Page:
Fawlty Towers, one of the best-loved sitcoms ever made, was first broadcast 40 years ago this month. Thanks to its availability online, the show about a calamitous hotel continues to gather new fans.
Despite the affection in which it is now held, many of the ingredients that gained Fawlty Towers a place in TV history were originally pooh-poohed by the BBC, which thought them old-fashioned.
In fact, the BBC nearly rejected the show.
Subscribe to The Week
Escape your echo chamber. Get the facts behind the news, plus analysis from multiple perspectives.
Manic Basil Fawlty, Sybil his domineering wife, Manuel the Spanish waiter, Polly the astute maid and the other larger-than-life characters and events were considered clichéd.
John Cleese remembers producers sarcastically whispering about the pilot script in the BBC bar. In a memo which Geoffrey Perkins, a subsequent BBC Head of Comedy, had framed on his office wall, a script editor said: "I'm afraid I thought this one as dire as its title… a collection of clichés and stock characters which I can't see being anything but a disaster."
Thankfully, the BBC did not take his advice, and a pilot, starring a 35-year-old Cleese as Basil Fawlty, was filmed in December 1974. It was first broadcast on BBC2 at 9pm on Friday 19 September 1975.
The memo that could have killed off Fawlty Towers, from the BBC archive
The role of Connie Booth
At the time, Cleese was best known for his surreal antics with Monty Python's Flying Circus. He had approached the BBC primarily with the wish to create a project on which he could work with his wife, the actor and writer Connie Booth, often overlooked despite being at the core of the show. As well as playing Polly, the hotel's resourceful maid, Booth co-wrote the scripts.
Fawlty Towers was based on a real hotel
Cleese and Booth were inspired by the manager of a real Torquay hotel, Gleneagles, where they had stayed while filming Monty Python. They found the manager, Donald Sinclair, to be larger-than-life and incredibly – and entertainingly – rude. Cleese had already based a character on Sinclair for an episode of the sitcom Doctor At Large in 1971 – but the idea had continued to brew.
Gleneagles gets a mention in Fawlty Towers, in an episode called The Builders, when Basil's guests have to go there for dinner while the dining room is out of action.
The show was not filmed in Devon
Although set in Torquay, most of the location filming actually took place in Harrow and Wembley, with restaurants and hospitals doubling for Devon. A suburban London street filled in as the location where Basil manically thwacks his car with a branch.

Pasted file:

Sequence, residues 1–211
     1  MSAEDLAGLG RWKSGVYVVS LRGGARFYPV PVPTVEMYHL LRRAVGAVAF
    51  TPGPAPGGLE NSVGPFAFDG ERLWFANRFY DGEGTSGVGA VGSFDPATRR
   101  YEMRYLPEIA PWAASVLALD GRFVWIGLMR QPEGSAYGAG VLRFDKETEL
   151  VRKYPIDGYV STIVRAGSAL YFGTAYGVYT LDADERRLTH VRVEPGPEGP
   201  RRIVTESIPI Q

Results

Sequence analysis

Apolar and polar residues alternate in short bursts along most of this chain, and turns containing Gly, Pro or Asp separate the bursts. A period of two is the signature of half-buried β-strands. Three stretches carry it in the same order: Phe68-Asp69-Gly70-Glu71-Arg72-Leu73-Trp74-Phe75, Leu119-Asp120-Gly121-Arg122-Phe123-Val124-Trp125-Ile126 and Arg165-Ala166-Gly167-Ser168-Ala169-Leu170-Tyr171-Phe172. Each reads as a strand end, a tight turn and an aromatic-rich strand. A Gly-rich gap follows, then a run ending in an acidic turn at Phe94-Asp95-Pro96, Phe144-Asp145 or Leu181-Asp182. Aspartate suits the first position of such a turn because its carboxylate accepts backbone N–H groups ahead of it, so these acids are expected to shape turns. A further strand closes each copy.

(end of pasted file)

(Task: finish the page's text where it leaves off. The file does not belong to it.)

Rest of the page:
An image from Google Maps, showing Mentmore Close in Harrow, where Basil attacked his car. The road name appears on screen in the programme
The building used for the hotel exterior was actually a golf club in Buckinghamshire, Wooburn Grange Country Club (pictured below). It burnt down in 1991 and was demolished soon after.
Fawlty Towers was not an immediate success
The Daily Mirror review of the first episode was headlined "Long John Short on Jokes".Unusually, the episode got a supportive repeat on BBC2 less than three months after first broadcast. It was shown again on BBC1 seven months later. As a result the audience grew - and with it, expectations.John Cleese has said that because of the long gap between the first and second series – four years, long enough for Cleese and Booth to get divorced – by the time it returned people were already remembering the show being "better than it was".
Is there really a 'missing episode'?
There were just 12 episodes of the show – two series of six – but a lost 13th episode has long been rumoured. A Swedish author, Lars Holger Holm, claimed in 2004 that he had seen the episode and even reproduced the script in his book Fawlty Towers: A Worshipper's Companion.
What Holger Holm had watched is anyone's guess, as there are no other studio recordings of the show detailed in the BBC's extensive archives. Footage of the episode remains conspicuous by its absence.
It's thought that a numbering error at the studio used for recording the second series occurred when the Wedding Anniversary episode was put on hold for a week because of industrial action – and this is where rumours of the phantom episode arose.
The scripts took weeks to write
Cleese and Booth spent two-and-a-half weeks working out each plot before they wrote a single line of dialogue, generally spending the time most sitcom writers used for a whole series on a single episode. The scripts were also twice as long on paper as a typical sitcom's because they were filled with description of the action.
The show's creators made a conscious decision to perform the scripts at speed for people watching at home rather than the studio audience. Cleese says there were twice as many camera edits than in a normal studio sitcom of the era.
The show has been remade – badly
Remakes have occurred several times around the world, but none has ever recaptured the magic. Four attempts have been made in the US alone: Steve Carrell made an early appearance in one as the Manuel character and in another version - Amanda's, starring Bea Arthur - they even went as far as writing Basil out.
Cleese once outlined a plan for a Fawlty Towers film but said he had no intention of making it because he'd be "up against an expectation that absolutely cannot be matched." The idea was Basil and Sybil heading to Barcelona to meet Manuel's family and foiling a terrorist plane hijack along the way.
Create an account with the same email registered to your subscription to unlock access.